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You clearly like keeping us in suspense, don't you? You've got quite an exciting setup going on here, but you' don't really reveal a lot just yet, do you? We know they are running, most likely from the authorities, judging by Saru's comments, but as to why exactly, who or what form the authorities have taken and even who those three refugees are exactly, not a word! You're just trying to force us to read the next chapter as well and it's working! I just need to find out who they are and what they did and who their enemy is.
It's also very nice to see some dialogue in this one. The conversation feels very natural to me and has an easy flow.
I always hesitate making any remarks about grammar or spelling errors, as english isn't my monther tongue, but in this case it's not really an issue, as I don't think I found any errors in there. That's something you don't often see nowadays.
Just a little criticism though. I'm not sure it's very realistic that in a dangerous place like Liaport, even if it is in the relative safety of a village, a little girl would leave her house at midnight. That was the only thing in this chapter that immediately struck me as kind of unlikely. But that's probably just me beind pedantic.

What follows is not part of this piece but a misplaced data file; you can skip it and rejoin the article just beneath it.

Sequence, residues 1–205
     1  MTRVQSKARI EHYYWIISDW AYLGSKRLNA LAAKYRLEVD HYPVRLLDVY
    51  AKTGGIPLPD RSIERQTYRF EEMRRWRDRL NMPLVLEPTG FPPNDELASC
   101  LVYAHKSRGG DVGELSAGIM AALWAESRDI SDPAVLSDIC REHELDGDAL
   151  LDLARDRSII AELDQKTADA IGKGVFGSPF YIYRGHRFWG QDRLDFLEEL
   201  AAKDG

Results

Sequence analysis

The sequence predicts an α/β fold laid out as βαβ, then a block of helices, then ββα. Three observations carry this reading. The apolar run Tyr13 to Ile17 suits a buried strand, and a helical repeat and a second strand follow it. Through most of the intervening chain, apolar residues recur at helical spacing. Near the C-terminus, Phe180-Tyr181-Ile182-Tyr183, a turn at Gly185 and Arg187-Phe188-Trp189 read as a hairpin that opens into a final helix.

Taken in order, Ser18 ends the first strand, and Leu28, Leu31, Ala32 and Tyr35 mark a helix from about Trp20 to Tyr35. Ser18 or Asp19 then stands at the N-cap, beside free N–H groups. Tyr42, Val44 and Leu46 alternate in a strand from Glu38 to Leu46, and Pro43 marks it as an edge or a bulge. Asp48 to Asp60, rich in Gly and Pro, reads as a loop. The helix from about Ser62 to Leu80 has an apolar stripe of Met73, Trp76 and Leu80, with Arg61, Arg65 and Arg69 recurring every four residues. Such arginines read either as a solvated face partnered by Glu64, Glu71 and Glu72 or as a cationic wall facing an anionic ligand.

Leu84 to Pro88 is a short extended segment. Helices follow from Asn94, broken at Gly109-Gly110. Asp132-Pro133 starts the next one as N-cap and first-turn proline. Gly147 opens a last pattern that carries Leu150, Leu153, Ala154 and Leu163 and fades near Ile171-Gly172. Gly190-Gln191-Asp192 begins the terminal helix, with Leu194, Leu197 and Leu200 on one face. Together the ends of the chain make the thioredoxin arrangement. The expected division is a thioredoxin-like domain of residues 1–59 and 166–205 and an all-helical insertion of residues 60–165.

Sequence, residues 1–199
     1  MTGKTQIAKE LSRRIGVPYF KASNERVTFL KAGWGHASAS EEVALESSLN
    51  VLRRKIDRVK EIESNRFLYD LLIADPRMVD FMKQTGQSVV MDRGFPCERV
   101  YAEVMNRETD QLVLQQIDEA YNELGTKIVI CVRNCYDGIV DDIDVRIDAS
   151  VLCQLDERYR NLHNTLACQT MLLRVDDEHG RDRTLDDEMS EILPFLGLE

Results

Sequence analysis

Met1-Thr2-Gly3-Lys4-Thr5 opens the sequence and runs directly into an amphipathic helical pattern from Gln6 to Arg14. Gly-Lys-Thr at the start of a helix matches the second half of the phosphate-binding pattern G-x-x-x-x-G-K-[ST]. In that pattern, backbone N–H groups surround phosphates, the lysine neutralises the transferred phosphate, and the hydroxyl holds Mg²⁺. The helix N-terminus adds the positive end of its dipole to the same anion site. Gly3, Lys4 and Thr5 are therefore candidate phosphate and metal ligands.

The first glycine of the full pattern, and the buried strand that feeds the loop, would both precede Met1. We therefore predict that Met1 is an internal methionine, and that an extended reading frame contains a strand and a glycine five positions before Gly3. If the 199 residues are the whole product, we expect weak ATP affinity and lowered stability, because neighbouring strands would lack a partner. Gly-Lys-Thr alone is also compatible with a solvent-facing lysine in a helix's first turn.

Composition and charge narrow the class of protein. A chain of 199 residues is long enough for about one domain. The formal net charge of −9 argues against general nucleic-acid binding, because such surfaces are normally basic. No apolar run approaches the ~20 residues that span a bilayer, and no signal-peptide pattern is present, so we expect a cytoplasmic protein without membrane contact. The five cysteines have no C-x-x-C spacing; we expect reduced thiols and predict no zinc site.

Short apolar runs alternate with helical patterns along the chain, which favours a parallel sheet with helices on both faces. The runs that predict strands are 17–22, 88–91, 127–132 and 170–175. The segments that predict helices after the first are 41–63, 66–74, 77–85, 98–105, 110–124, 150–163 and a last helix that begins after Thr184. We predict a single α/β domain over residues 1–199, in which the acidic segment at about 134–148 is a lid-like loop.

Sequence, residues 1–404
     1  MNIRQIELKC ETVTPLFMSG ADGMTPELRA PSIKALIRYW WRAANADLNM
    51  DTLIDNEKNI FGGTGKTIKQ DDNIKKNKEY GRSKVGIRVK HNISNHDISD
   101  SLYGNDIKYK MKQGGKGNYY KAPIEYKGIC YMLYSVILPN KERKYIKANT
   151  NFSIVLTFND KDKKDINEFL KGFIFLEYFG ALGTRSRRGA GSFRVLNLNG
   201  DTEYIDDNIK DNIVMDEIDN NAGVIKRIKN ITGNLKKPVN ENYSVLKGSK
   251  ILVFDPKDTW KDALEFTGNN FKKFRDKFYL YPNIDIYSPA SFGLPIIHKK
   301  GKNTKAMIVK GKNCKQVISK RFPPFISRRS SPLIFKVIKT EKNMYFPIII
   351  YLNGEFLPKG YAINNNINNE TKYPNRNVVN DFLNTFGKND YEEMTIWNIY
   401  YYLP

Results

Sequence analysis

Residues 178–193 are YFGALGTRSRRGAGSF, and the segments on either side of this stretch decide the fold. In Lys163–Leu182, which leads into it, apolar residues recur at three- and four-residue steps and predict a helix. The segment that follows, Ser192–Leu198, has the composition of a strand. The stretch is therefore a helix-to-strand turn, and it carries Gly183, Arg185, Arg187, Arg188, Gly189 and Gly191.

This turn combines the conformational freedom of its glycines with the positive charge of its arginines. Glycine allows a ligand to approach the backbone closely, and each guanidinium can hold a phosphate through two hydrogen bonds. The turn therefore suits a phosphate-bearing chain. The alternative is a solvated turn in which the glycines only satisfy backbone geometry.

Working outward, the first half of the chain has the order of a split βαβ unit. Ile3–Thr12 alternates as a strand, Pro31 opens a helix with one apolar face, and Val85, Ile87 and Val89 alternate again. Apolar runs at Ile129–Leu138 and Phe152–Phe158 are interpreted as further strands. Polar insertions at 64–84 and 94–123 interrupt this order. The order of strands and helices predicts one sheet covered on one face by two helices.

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TheFS Featured By Owner Nov 17, 2012  Hobbyist Writer
That's an interesting thought about the girl not leaving her house in the middle of the night - I hadn't really thought about it like that. I probably should have done!

My guess is that Nichal, the village, is one of the only places where this could happen. One of the few places that it's safe to do so. In a world where nearly everything is a danger, even if it is a little unlikely, I thought it was a good image to show the difference in Nichal clearly. But I do understand entirely what you mean.
Walt-Marsters Featured By Owner Nov 17, 2012
It's certainly a valid reasoning. I can see your point.
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